• Flaherty also reviewed the number of parking spaces and explained that the developer was applying for a parking reduction request–asking to waive 30% of the required spots. He said that the parking that is planned–including 48 spaces under just one of the buildings as well as exterior spaces around the commercial spaces–is “more than adequate.”
  • Design elements have been incorporated to stormwater runoff, including the addition of green roof spaces with soil and live plants, as well as rain gardens and filtration systems. Flaherty said that the amount of ground cover from exposed parking and driveways will be reduced with the current plan:  “It’s greater today than it will be tomorrow.”
  • The residences will all be two-bedroom apartments with large kitchens and high end construction. Some will have lofts and cathedral ceilings and private terraces on the roofs. 
  • The goal was to create a “vibrant, mixed use complex that is pedestrian-friendly,” with traditional storefronts, a varied roofscape, gables, dormers and chimneys, all to “contribute to the visual interest, with a range of colors and textures.”
  • The developer will apply to the CT-Department of Transportation to create off-site improvements on Danbury Rd. and the surrounding area. These will include sidewalks, landscaping and raised islands to beautify the roadways as well as make pedestrian crossings safer. Wilton Heights LLC will apply for the ability to create off-site improvements for a longer section of Rte. 7–from the train station to Orem’s Diner–but will agree to perform the improvements near the development intersection at Ridgefield Rd., plus the nearby sidewalks, and sidewalks down to the train station.
Previous Image
Next Image

info heading

info content


Public Comment–Historical District Commission Concern

During the meeting, Allison Sanders, chair of Wilton’s Historic District and Historic Property Commission, expressed her concerns about the project.

Sanders spoke about “the loss of historic structures and the radical reshaping of the landscape,” and “over-scale height and massing,” calling aspects of the design “troubling.”

“The developer has paid lip service to vernacular design with a pastiche of historical architectural details, but these have been overlaid on structures which will loom over the neighborhood with their blocky height and width,” Sanders said.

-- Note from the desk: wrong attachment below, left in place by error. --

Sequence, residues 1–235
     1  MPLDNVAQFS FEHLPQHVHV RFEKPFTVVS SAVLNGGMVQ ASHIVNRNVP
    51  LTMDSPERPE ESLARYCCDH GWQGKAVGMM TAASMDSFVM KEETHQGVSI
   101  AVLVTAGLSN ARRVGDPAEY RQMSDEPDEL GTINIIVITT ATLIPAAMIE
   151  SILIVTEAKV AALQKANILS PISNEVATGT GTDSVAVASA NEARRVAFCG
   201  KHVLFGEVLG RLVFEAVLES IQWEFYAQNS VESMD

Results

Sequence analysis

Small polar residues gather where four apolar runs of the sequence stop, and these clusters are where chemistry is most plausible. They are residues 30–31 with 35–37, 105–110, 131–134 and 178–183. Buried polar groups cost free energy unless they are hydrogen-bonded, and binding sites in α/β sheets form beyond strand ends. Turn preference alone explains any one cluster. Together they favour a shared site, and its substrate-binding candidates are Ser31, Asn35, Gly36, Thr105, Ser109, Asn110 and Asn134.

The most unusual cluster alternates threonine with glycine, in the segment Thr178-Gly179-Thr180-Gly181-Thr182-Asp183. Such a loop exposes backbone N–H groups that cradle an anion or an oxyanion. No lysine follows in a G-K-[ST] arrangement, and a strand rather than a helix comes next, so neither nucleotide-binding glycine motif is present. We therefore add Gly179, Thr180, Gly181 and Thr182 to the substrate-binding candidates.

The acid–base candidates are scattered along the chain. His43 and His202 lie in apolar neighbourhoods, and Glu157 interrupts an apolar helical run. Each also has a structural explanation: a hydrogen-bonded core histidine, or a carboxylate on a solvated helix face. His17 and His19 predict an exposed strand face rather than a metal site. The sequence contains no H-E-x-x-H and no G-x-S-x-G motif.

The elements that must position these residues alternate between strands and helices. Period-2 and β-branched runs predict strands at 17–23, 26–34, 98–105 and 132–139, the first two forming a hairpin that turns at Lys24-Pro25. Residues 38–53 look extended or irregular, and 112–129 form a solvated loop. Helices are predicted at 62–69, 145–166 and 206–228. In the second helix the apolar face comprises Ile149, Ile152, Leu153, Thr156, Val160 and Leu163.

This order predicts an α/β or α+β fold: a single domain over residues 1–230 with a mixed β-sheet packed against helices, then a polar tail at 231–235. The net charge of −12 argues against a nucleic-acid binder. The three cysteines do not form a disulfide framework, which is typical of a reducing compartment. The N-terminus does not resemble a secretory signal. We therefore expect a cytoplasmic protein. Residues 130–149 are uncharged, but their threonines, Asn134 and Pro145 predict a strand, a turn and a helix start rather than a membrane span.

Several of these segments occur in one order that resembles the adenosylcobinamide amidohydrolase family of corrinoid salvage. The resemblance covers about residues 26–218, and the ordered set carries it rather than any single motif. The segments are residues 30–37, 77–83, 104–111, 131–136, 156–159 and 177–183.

She also said planned demolition of several structures on the site–two of them historic–was “unnecessary” and an “irrevocable loss.”

“We have lost so many of our old buildings on Danbury Road… part of Wilton’s character, and once they’re gone, they’re gone — you can’t get them back.”

She suggested that the Betts-Comstock house, built there in 1791, could be repurposed or relocated, and that the historic corn crib–an iconic structure on the site–should be saved as well, noting that adaptive use could be applied here.

“The preservation of character, landscape and historic structures is of the utmost urgency,” said Sanders. “They make Wilton visually unique, and help define us as a community. These will be lost with the proposed design for Wilton Heights.”

While Sanders said there should be dialogue between her commission and the developer, there seems to have been some miscommunication between developer Paxton Kinol and Sanders–perhaps due to Sanders’ double duty as co-director of the Wilton Historical Society. Kinol said he reached out several times via the Historical Society but did not hear back. First selectwoman Lynne Vanderslice (who was observing the meeting in the section reserved for members of the public) suggested that the parties should look toward moving forward and connect, now that both were in the same room and able to arrange a time to have that dialogue.